For nearly twenty years, the Drug Policy Alliance has sponsored and supported some of the nation’s most progressive drug policy reforms in California. Learn about the work of our California team and how you can help support their efforts to create effective drug policies in the golden state.
Unequal application of the law and other harms of marijuana prohibition have affected millions of Californians. DPA is committed to ending marijuana prohibition and protecting patient access to medical marijuana in California.
DPA is working to reduce the harms associated with drug use in California. Our priorities include expanding sterile syringe access, preventing overdose, increasing access to effective treatment and establishing supervised injection facilities.
Drug arrests have led to unprecedented levels of incarceration in California, especially for people of color. DPA advocates for broad sentencing reform, alternatives to incarceration, protecting immigrants from deportation for drug offenses, reversing the negative impact of past drug-related criminalization and ending civil asset forfeiture.
Did you know you could get the opiate overdose reversal drug, naloxone, in California pharmacies without a prescription?
Find a participating pharmacy
DPA is working to engage Latinos in Southern California on drug policy issues. We are building unprecedented support for drug policy reform by engaging prominent Latino organizations across the state.
Since 2012, we have been an ally of the Caravan for Peace, Life and Justice, a group of activists who travel through Central and North America to spread awareness and generate discussion about the humanitarian crisis caused by the US-funded drug war in Mexico.
In 2013 and 2014, nearly two dozen Latino organizations supported DPA legislation that called for reducing the penalty for simple drug possession and equalizing penalties for crack and powder cocaine.
In 2015, DPA partnered with immigrant rights advocates to advance “crimigration” legislation, an effort to prevent deportation for immigrants who commit low-level drug law violations.
See our Spanish language materials
The Drug Policy Alliance is proud to support state and local organizations that are working for drug policy reform. Thank you to our allies in California.
See our list of allies
Several DPA staff members spoke as panelists at California NORML's 2013 conference on January 26-27 in San Francisco. The conference explored the history, causes and costs of marijuana prohibition -- and strategies for ending it.
Series produced by Chris Moore-Backman
Inspired by Michelle Alexander's groundbreaking book THE NEW JIM CROW: MASS INCARCERATION IN THE AGE OF COLORBLINDNESS, this series of radio documentaries explores the intersection of the drug war, mass incarceration, and race in the contemporary U.S.
Newsom Adds Voice to Growing List of Prominent U.S. and World Leaders Calling for Alternatives to Failed Drug War
Full-Page DPA NY Times Ad Yesterday: Thanks Colorado and Washington Voters, Pat Robertson, Former U.S. Presidents Bill Clinton and Jimmy Carter, NY Gov. Andrew Cuomo, NJ Gov. Chris Christie, and Presidents of Colombia, Guatemala and Uruguay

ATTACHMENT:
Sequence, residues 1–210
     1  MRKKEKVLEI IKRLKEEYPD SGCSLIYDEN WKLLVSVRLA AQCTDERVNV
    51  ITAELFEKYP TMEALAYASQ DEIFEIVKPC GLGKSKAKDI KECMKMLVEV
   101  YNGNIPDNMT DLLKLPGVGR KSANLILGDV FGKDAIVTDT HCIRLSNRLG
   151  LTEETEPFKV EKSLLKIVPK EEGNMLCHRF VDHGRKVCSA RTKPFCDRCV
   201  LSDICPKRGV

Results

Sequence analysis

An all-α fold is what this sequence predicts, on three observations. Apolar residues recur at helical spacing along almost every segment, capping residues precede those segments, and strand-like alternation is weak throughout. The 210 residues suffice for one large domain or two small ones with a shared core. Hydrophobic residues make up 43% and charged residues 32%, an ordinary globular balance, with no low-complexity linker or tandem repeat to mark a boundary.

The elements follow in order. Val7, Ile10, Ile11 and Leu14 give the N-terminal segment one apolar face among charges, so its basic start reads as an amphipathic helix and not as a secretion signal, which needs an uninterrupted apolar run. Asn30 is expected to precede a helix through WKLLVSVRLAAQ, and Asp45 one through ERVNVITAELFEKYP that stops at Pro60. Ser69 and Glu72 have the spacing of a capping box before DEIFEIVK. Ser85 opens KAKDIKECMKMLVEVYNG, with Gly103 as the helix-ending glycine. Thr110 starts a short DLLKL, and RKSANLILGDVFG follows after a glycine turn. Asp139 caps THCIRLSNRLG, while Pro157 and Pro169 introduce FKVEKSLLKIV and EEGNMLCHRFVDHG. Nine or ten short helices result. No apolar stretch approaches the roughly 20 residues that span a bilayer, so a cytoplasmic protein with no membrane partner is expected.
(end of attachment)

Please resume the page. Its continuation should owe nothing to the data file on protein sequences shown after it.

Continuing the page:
California Becomes Largest State in U.S. to Enact Legislation Aimed at Curbing National Overdose Crisis
Amanda Reiman, Policy manager at DPA, talks with Cannabis Consciousness about the fine details of the marijuana regulation and taxation laws in Colorado and Washington, and the impact it will have on drug policy nationally.
Californians voted to put an end to one of the harshest and least effective sentencing laws in the country. Proposition 36 ensures that no more people are sentenced to life in prison for minor and nonviolent drug law violations. Implementation of the new law will not only bring relief to petty offenders moving forward, but inmates currently serving life sentences for non-serious, non-violent crimes can apply for a new sentence.
Proposition 36 Puts End to 25-to-Life Sentences for Minor Drug Law Violations and Other Nonviolent Crimes
Californians voter appear to have voted overwhelmingly to reform their state’s draconian “three strikes” law. The measure, Proposition 36, which enjoyed a huge lead in early returns, will close a controversial loophole in the law so that life sentences can only be imposed when the new felony conviction is “serious or violent.”
Forty years after Professor Angela Davis became a symbol of resistance in the African American community, she attended a preview screening of The House I Live In, which documents the destructive impact of today's war on drugs on poor and minority communities.
The American Public Health Association (APHA) conference in San Francisco next week showcases a controversial public health intervention for people who inject drugs. Supervised injection facilities (SIFs) are an effective public health intervention where people can inject drugs using sterile equipment and with medical supervision, but none currently operate in the United States because of political and legal barriers. A model SIF will be on display in the APHA Exhibit Hall and will be available for media tours.
President Obama has broken his promise to roll back the War on Drugs and has punted on the issue until a second term.